Revolutionary new scanning technique creates 3D images of bones with unparalleled resolution

Chemists from Trinity College Dublin in collaboration with RCSI have devised a revolutionary new scanning technique that produces extremely high-res 3D images of bones -- without exposing patients to X-ray radiation. [More]
International conference on longevity to be held in Brussels for 3 days

International conference on longevity to be held in Brussels for 3 days

The Eurosymposium on Healthy Ageing is an international event that provides a unique opportunity for researchers, government officials, biotech executives, entrepreneurs, and non-governmental institutions from around the world to meet, network, and forge new scientific collaborations. [More]
Researchers discover risk factors that contribute to fracture nonunion in adults

Researchers discover risk factors that contribute to fracture nonunion in adults

Dr. Robert Zura, the Robert D'Ambrosia Professor and Head of Orthopaedic Surgery at LSU Health New Orleans School of Medicine, was part of a research team that identified risk factors which may help orthopaedic surgeons better predict a serious complication of bone fractures. [More]
School-based exercises may benefit bone mass, strength in growing children

School-based exercises may benefit bone mass, strength in growing children

Moderate to high impact sports such as gymnastics, basketball, or football have been shown to benefit bone mass, structure and strength - with benefits particularly apparent during pre-and early adolescence. [More]
Beta-blockers can help treat bone loss caused by antidepressants in mice

Beta-blockers can help treat bone loss caused by antidepressants in mice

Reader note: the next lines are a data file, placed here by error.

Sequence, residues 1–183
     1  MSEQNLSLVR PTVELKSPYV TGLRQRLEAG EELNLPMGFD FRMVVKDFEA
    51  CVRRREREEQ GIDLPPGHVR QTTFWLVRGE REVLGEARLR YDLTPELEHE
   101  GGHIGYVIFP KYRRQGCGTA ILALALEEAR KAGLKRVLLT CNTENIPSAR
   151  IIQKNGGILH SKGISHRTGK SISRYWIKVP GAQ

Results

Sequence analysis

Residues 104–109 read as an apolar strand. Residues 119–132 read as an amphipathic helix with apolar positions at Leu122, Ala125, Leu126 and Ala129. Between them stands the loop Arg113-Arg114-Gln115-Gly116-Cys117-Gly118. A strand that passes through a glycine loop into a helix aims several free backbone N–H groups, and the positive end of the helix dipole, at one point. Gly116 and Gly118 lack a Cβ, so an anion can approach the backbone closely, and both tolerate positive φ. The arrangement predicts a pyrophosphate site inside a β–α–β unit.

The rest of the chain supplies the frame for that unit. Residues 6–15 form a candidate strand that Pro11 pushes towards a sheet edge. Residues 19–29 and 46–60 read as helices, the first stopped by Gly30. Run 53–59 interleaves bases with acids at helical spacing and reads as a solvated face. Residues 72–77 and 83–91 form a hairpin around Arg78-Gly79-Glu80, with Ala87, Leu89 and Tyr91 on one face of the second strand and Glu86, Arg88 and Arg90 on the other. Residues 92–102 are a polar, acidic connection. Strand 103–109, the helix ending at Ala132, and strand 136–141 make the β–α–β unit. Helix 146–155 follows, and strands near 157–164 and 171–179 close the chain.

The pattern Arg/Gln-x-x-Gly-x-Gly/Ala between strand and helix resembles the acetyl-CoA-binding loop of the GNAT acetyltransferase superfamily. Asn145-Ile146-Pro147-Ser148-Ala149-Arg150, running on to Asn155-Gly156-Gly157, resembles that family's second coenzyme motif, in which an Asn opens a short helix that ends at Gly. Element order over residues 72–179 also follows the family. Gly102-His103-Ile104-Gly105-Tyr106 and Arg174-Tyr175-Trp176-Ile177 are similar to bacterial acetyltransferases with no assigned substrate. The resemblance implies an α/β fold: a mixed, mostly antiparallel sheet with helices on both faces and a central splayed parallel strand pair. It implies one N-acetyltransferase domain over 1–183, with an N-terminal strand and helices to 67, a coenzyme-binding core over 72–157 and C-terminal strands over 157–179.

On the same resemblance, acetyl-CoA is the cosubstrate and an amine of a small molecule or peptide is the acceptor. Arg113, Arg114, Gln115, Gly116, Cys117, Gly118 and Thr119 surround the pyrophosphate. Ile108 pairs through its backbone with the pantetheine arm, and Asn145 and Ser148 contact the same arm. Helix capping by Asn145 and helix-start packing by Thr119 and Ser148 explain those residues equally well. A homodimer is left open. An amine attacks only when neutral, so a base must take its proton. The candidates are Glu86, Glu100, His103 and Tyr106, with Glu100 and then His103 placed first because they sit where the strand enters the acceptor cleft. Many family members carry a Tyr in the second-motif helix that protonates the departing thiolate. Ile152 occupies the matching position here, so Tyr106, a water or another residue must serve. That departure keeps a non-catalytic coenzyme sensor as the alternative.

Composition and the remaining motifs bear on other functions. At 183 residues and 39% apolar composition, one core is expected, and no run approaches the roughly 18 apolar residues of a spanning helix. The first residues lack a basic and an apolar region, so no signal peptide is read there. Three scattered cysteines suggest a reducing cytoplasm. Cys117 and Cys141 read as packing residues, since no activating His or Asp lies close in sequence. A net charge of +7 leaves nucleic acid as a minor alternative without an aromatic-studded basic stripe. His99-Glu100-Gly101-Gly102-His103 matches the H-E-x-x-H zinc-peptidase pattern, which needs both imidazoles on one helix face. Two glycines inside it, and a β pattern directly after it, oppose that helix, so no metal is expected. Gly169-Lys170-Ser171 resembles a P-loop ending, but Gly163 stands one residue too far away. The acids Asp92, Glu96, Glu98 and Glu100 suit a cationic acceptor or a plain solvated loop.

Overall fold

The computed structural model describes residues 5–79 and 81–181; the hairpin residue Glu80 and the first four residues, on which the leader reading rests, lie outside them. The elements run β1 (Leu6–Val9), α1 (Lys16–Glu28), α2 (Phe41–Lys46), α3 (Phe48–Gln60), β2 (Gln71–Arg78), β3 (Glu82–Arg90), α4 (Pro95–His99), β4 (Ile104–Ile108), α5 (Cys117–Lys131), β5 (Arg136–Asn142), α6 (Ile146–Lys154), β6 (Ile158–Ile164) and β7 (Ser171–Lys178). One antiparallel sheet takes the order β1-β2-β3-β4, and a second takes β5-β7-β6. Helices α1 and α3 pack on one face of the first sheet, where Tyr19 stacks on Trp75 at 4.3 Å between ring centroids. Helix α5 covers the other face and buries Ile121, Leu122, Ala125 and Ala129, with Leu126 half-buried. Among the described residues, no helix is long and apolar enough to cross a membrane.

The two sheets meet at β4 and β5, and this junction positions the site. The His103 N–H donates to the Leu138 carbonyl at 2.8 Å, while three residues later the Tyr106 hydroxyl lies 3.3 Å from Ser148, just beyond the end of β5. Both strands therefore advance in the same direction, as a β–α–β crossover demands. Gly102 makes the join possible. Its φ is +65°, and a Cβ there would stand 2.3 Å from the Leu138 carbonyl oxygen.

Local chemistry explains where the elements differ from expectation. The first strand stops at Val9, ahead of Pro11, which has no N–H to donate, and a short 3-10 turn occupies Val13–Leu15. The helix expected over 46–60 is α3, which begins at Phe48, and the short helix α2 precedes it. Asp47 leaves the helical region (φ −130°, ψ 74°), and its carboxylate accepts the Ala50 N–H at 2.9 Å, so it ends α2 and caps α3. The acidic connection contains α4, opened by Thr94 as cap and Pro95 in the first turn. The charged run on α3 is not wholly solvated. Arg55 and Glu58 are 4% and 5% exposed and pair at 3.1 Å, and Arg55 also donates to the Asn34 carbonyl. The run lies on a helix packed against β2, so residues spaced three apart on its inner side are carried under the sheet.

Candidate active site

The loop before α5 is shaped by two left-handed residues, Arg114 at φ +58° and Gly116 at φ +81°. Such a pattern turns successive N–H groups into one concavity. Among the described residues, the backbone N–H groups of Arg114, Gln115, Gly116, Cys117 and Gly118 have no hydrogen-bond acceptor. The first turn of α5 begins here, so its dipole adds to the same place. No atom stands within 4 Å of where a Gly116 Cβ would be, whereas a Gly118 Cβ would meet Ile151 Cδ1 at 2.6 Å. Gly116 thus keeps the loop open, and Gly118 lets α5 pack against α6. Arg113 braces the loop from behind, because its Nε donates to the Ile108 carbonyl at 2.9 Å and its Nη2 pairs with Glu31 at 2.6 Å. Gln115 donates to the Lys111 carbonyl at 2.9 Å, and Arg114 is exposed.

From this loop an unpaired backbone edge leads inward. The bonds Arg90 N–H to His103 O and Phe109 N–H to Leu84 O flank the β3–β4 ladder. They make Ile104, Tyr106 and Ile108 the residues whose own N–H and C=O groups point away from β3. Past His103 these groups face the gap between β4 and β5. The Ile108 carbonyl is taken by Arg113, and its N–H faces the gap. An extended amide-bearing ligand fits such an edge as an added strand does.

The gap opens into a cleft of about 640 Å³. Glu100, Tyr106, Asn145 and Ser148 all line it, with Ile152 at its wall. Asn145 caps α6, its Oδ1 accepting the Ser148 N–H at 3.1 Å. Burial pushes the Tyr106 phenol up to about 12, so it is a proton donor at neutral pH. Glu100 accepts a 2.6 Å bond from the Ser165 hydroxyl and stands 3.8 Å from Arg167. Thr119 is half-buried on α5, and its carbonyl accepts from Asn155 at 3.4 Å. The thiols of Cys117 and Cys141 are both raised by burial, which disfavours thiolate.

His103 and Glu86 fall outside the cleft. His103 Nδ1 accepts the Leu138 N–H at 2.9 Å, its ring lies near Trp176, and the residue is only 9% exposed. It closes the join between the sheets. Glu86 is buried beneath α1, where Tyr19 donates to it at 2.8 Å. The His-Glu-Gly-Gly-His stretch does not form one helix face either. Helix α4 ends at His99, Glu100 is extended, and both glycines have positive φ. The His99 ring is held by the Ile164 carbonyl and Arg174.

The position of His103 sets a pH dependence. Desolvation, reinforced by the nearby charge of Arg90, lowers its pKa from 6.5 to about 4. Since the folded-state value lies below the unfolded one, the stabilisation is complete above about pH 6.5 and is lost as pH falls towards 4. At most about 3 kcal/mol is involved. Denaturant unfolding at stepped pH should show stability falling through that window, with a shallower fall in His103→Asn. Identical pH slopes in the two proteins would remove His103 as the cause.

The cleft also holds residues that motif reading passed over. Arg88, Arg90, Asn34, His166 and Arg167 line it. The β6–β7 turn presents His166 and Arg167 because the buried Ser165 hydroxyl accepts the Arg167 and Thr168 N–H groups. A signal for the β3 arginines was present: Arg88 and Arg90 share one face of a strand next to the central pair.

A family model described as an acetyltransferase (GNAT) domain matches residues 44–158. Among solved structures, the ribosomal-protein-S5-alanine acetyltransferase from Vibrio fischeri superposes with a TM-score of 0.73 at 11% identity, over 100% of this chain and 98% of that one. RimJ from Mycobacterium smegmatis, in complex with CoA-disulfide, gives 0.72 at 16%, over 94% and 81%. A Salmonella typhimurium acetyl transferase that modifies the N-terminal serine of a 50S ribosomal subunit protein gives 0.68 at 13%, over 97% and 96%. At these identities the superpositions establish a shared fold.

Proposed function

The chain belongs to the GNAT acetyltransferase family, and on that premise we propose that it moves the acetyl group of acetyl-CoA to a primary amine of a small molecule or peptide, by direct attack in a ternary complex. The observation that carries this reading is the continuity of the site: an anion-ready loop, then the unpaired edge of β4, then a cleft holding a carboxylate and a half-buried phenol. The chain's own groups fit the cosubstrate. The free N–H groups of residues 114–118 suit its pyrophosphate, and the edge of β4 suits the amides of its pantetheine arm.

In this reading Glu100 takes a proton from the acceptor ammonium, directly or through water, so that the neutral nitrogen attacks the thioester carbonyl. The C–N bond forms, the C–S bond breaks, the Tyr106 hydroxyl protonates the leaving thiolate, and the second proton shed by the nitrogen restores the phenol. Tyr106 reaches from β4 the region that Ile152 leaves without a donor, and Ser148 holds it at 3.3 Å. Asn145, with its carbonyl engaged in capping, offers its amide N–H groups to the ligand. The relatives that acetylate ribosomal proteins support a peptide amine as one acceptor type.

The antidepressant fluoxetine causes bone loss by instructing the brain to send out signals that increase bone breakdown, but a beta-blocker can intercept the signals, a new study in mice has found. [More]
JMU scientists crystallize new inhibitory antibodies targeting sclerostin

JMU scientists crystallize new inhibitory antibodies targeting sclerostin

Osteoporosis particularly affects elderly women: the bone's structure weakens and the risk of suffering fractures rises. [More]
Soluble corn fiber can help build and retain calcium in bone during adolescence and post-menopause

Soluble corn fiber can help build and retain calcium in bone during adolescence and post-menopause

Supplementing with soluble corn fiber at two critical times in a woman's life - adolescence and post-menopause - can help build and retain calcium in bone, according to new research from Purdue University. [More]
Vertebroplasty helps decrease acute pain in patients with osteoporotic fractures

Vertebroplasty helps decrease acute pain in patients with osteoporotic fractures

Vertebroplasty is a safe and effective procedure to reduce acute pain and disability in patients who have experienced spinal fractures within a 6-week period, according to a new study published this week in The Lancet. [More]